Raiffeisen issued a statement saying the arrest was nothing to do with Pysaruk’s work at the bank. “The reason for the action was in no way related to the performance of his duties as Chairman of the Board of Raiffeisen Bank Aval,” Raiffeisen said in its statement. “During his tenure at Raiffeisen Bank Aval, Oleksandr Pysaruk has proved himself to be a highly-qualified, competent and professional manager. Martin Grüll, Chairman of the Supervisory Board of Raiffeisen Bank Aval, commented,” We are confident that Mr Pysaruk will be cleared of any suspicion of wrongdoing and that he has always adhered to the highest professional and ethical standards, both at Raiffeisen Bank Aval and for many years at the IMF and other international institutions.” Before joining the NBU, Pisaruk worked as regional head for ING Bank in Central and Eastern Europe. After leaving the NBU, he worked for 3.5 years in Washington as senior financial sector expert at the IMF.

Commenting on Pisaruk’s detention, former NBU Governor Valeria Gontareva said the same evening that “terror is intensifying.” “He and I were cleaning all these Augean stables,” she said, referring to their efforts to rescue Ukraine's banking system in 2014-2015.

In the morning of November 12, Oleg Bakhmatyuk, former major shareholder of VAB Bank, owner of Ukrlandfarming and major shareholder of Avangardco, confirmed that some of his employees were detained. He condemned the NABU’s actions.

In an open letter to President Zelenskiy, Bakhmatyuk asked him to instruct law enforcement bodies to “return to the law and elementary logic.”  It seems like Pisaruk's detention is related to the NBU’s provision of a UAH1.2bn stabilizing loan to VAB Bank in October 2014. The bank was recognized insolvent a month later. As reported by the epravda.com.ua news site, NBU officials are suspected of lending to VAB Bank in violation of banking rules. In particular, NABU suspects VAB Bank did not provide the necessary list of documents when applying for the loan. Also, VAB Bank officials are accused of misappropriating money received from the NBU as the funds were allegedly used to repay related party loans/deposits and were withdrawn from the bank in cash.

“Whatever wrongdoings are alleged, Pisaruk is not the best prosecution target for the Zelenskiy administration. Pisaruk has a strong reputation in Ukraine's banking sector, having worked for the IMF and Ukraine’s biggest international bank afterwards. Most likely, the IMF won’t welcome NABU's move,” Alexander Paraschiy said in a note.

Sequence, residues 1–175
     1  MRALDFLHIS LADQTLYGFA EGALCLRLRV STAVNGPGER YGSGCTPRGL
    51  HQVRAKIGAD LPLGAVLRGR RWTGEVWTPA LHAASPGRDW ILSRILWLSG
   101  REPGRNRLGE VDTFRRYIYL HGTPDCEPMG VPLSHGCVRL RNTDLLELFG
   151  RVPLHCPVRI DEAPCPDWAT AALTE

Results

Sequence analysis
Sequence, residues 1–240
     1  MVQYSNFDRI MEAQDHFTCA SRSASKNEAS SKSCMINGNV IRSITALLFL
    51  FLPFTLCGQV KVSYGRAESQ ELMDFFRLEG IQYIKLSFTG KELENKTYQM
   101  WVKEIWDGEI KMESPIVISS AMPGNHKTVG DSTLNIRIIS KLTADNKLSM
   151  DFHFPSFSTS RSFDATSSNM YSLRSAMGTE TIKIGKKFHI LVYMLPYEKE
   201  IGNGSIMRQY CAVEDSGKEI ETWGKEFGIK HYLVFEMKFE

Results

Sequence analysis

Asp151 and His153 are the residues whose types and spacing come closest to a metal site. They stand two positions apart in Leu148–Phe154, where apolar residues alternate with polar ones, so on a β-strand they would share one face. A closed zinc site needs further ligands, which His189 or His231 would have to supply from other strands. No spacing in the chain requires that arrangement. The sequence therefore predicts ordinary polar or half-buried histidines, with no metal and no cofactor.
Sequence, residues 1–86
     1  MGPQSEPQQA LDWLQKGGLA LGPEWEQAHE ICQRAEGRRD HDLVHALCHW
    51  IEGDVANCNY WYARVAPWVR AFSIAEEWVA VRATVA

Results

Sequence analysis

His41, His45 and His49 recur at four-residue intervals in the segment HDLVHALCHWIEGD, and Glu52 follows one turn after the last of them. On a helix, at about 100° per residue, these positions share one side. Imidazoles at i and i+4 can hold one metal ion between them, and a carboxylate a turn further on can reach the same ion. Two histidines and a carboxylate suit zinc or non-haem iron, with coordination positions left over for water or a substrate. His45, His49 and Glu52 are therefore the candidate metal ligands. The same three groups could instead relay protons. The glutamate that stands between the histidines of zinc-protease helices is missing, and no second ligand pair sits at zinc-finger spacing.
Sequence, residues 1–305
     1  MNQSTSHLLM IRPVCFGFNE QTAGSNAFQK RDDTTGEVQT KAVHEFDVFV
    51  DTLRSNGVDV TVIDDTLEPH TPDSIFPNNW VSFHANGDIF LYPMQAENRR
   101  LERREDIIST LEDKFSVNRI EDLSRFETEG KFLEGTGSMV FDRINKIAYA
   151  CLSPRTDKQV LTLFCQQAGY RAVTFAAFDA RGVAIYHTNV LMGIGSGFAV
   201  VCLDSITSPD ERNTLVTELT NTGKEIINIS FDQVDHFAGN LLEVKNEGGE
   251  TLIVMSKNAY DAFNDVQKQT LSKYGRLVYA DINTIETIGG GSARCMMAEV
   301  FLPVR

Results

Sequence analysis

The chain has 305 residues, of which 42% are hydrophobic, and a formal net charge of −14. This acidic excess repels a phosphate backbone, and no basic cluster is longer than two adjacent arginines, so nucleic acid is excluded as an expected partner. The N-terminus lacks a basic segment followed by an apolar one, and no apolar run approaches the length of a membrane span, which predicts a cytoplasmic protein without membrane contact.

“A different story is Bakhmatyuk, whose reputation in Ukraine is not as solid. NABU’s latest move against him further proves our view that the debts of Bakhmatyuk's companies, including the Eurobonds of Avangardco and Ukrlandfarming, have little value,” Paraschiy added.

Bakhmatiuk said in a letter published on Ukrlandfarming's site on November 12 that the NABU's actions are illegali and asked Zelenskiy to give an order to resolve the conflict at the negotiating table.

"We ask you to intervene in this process. We ask you to stop the appointment of perpetrators without any right to defence. We ask you to define negotiators who can be constructive in this dialogue," Bakhmatiuk's letter reads. The businessman added that he was ready to attract any foreign economic advisers with international experience in restructuring and auditing.

On November 12, Bakhmatiuk told news agency Interfax that he and his Ukrlandfarming agricultural holding have sent an official offer to the nation's authorities as an arbitration manager for the phased repayment of UAH8bn of debts to VAB Bank and Bank Financial Initiative, and on making a UAH500nm guarantee fee.

"Then UAH1bn a year. This offers remains valid, and I am actively working to ensure such financing," he said, adding that that last week he had been actively negotiating in the Middle East, in particular with representatives of Cargill. "I didn't run anywhere, I'm actively working." Bakhmatiuk said that in the coming days he would continue negotiations with trading companies and investors on the previously outlined program, but then he plans to return to Ukraine and will work with lawyers. According to him, Ukrlandfarming annually produces 2.5mn tonnes of grain and under such commodity flows would be able to attract money necessary for the phased payment of debts.